“The first time I ever wrote about health care reform was around 1980, when health maintenance organizations were becoming popular and I was a young newspaper reporter with a vested interest – I was making the move from my parents’ policy to getting health care benefits of my own.
HMOs were the health care “reform” of the days before computers, iPods or even the Walkman. They were going to make insurance cheaper, make it easier to get in to see a doctor, and costs would be kept manageable with small co-pays instead of paying bills up front and waiting to get reimbursed.
What a joke. Within a few years, HMOs became the gatekeeper of American health care. Doctors pressured to see a maximum number of patients per day for whatever the HMO was willing to pay no longer had time to play Marcus Welby. (Click on the link if you’re not old enough to remember the show.) Your “family doctor” was replaced with a “primary care physician” – HMO-speak for a general practice doctor you had to pay to see in order to get permission to see the eye doctor, ear doctor or other physician you really needed to see. And whose real job was to keep you from getting to see the more expensive specialists.
All along the way, health insurance premiums, co-pays and deductibles continued to rise, soaring to unimaginable levels. It got to the point where millions of Americans were going without health care because they couldn’t afford health insurance. It wasn’t long before the buzzword of “health care reform” came around again, beginning with the Clinton Care of the 1990s.
Two presidents later, health care reform – aka Obamacare – was signed into law in 2010. And after three years of drafting rules and regulations, the new law is set to take effect in 2014.
The only problem is that Washington – with more than a generation to reflect on the issue and the past five years or more to pass a law and write the regulations – got it wrong.
The goal in health care reform was to make coverage more accessible by making it more affordable. Health care reform was supposed to find ways to reduce the cost of medical treatment and also reduce the price of health insurance. Instead, what we got were mandates: Government mandates that all “large” employers – those with more than 50 full-time employees – provide health insurance to full-time workers. Mandates on what must be included in that insurance. Mandates on what constituted “full-time.” Mandates on what would be considered “affordable” insurance. Mandates on how quickly coverage must be offered to new workers. And, finally, mandates on how much employers will be fined if they fail to comply.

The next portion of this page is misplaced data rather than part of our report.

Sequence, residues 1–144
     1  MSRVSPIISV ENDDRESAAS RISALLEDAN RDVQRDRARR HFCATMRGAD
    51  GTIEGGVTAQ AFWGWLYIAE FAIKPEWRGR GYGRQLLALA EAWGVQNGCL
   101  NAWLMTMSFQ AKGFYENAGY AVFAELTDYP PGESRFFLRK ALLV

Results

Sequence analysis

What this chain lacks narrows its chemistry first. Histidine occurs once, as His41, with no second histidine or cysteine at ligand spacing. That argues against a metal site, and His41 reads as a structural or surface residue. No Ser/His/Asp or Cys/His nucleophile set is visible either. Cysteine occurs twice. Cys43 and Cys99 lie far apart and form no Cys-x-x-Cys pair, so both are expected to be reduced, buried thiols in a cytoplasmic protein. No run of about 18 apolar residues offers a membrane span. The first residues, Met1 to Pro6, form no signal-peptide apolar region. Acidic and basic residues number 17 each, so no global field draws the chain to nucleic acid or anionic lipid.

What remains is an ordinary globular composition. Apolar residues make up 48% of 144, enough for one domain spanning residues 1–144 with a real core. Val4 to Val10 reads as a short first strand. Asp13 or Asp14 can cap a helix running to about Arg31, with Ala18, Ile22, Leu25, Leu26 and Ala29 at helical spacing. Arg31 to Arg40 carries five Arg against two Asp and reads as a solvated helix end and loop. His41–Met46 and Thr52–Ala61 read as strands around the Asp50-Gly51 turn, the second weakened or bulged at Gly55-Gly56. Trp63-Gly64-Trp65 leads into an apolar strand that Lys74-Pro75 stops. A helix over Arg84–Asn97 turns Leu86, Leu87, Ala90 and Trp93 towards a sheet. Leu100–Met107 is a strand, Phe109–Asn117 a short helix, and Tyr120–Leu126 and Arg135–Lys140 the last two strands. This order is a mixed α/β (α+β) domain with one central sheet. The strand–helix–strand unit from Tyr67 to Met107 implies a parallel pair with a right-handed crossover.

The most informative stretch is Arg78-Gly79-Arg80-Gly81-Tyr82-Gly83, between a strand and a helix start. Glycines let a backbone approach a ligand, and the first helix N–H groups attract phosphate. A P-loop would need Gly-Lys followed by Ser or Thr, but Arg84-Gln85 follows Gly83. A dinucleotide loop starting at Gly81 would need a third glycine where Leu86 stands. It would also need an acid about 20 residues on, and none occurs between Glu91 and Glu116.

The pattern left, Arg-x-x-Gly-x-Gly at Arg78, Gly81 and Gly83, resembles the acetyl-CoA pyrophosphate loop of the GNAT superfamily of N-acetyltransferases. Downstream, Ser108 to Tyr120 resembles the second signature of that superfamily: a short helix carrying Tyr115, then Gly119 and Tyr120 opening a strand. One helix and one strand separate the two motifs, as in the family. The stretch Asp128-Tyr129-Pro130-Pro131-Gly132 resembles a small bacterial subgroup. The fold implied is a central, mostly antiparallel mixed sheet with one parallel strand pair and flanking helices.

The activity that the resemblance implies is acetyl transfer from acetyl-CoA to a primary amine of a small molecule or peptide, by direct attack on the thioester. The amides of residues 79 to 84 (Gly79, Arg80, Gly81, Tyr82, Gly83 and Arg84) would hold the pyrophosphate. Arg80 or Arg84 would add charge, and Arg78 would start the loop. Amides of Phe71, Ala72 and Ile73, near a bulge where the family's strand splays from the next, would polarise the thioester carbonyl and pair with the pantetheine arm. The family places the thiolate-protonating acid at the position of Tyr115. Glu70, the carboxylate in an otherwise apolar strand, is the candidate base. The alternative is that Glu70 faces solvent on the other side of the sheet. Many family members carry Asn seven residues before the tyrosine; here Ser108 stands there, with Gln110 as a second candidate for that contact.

Rather than a way to help businesses provide better benefits for their workers, health care reform has instead become an attack on the business community – and retailers are directly in the crosshairs. The costs of all the mandates are so high that some small retailers are being forced to stay under the 50-employee threshold and even larger companies are being forced to cut hours of existing workers so they won’t be counted as full-time. (Under the law, employees working as little as 30 hours would be considered full-time instead of the traditional 40 hours, capturing many workers traditionally considered part-time.) Instead of helping workers, the new law is discouraging job creation.
NRF worked closely with Congress to bring about health care reform that would work, but somewhere along the way lawmakers stopped listening. We have encouraged repeal of the misnamed Affordable Care Act as recently as this month. But given the reality that “reform” is here to stay, we have also formed groups such as the Employers Health Care Clearinghouse to help retailers learn how to comply with the new law.
After going through doldrums where the Administration was slow to issue the regulations retailers and other businesses needed to prepare for the new law, HR executives are drinking from a fire hose of promulgations and announcements. News is coming almost daily on issues such as the package of “essential” benefits or the new “summary of benefits and coverage.” Even though reform doesn’t take full effect until January, businesses soon need to start tracking worker hours to determine who counts as full-time, and more requirements are coming.
NRF has kept up a steady stream of memos to member companies, conducted numerous calls and held many meetings to help retailers figure out how to make sense of all these requirements. On April 4, we will conduct our latest effort when NRF’s Neil Trautwein will host a webinar titled “Ready for the ACA? New Regs, New Challenges”.
Trautwein, by the way, is one of the utmost experts on health care policy in Washington. He has been dealing with these issues almost as long as I’ve been writing about them, and was brought on board at NRF in 2006 specifically to help retailers navigate through health care reform. He guided creation of NRF’s Vision for Health Care Reform, a plan that would have brought forth true reform to benefit employers and workers alike. Had lawmakers listened to his advice, health care reform might have worked.
As for myself, I found the ultimate end-run around HMOs, PPOs and all the other variations of the health insurance system – I married a doctor.”